Dance review: The BalletBoyz: Deluxe, Theatre Royal, Glasgow

Suited and booted for a night on the town, sporting black eyes from a previous exchange, the BalletBoyz swagger onto the stage. One by one they arrive, shoulders jerking and hips swaying comedically as if they’ve encountered the business end of a vodka optic.

The BalletBoyz in Bradley 4:18 PIC: George Piper

The BalletBoyz: Deluxe, Theatre Royal, Glasgow ***

Bradley 4:18 is not traditional BalletBoyz fare, and when the woman behind me whispers crossly “this isn’t what I was expecting” I’m not surprised. She may not have been pleased, but others will be delighted with what Maxine Doyle has done with this talented all-male company.

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Best known for her work with London-based theatre company Punchdrunk, Doyle has taken the six dancers and turned them into inebriated, violent everymen. Heads are banged against the floor, boots meet flesh and brute masculinity is in full effect. There’s wit, mischief and dynamism here, but the grace and beauty usually so evident in BalletBoyz’ work is missing in action.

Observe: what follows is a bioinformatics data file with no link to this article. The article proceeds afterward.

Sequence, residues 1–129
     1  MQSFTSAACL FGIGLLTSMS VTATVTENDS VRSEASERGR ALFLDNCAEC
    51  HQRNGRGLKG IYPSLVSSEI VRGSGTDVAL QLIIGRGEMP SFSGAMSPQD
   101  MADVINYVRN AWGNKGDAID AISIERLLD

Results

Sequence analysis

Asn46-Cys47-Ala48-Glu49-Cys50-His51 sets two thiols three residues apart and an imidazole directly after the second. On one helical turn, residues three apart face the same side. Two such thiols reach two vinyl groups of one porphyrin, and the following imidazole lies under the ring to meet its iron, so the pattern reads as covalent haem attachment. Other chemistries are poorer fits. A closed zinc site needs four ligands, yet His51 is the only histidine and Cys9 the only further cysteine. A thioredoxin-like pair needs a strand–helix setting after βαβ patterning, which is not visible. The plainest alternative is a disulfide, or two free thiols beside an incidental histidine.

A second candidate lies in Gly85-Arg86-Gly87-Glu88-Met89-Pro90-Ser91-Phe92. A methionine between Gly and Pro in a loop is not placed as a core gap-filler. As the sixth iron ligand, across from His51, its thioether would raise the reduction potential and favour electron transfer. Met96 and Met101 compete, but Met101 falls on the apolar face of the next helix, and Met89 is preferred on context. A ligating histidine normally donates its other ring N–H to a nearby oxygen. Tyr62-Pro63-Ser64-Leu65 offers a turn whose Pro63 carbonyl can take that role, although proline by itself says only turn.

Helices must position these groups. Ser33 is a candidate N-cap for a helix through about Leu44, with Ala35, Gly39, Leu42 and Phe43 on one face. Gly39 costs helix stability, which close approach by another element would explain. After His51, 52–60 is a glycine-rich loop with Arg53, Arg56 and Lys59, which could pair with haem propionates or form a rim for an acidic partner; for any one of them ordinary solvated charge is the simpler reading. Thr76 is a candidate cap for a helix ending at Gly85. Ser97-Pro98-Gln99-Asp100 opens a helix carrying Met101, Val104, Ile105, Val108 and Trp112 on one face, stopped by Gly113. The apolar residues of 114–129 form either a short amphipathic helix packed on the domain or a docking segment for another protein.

Happily, Chinese choreographer Xie Xin is close behind with her gorgeous new piece, Ripple. In a short filmed interview, an illuminating precursor to the performance, she explains how challenging it has been to work with a group of solely male dancers. Well you wouldn’t know it though – Ripple stays true to its title and is a beauteous mass of gentle waves and spiralling whirlpools.

Over-sized shirts and trousers both help and hinder the process, accentuating the flow but masking the muscular movement. The tenderness and prowess this company is famous for is in abundance, however, and despite her reservations Xie clearly got under their skin.


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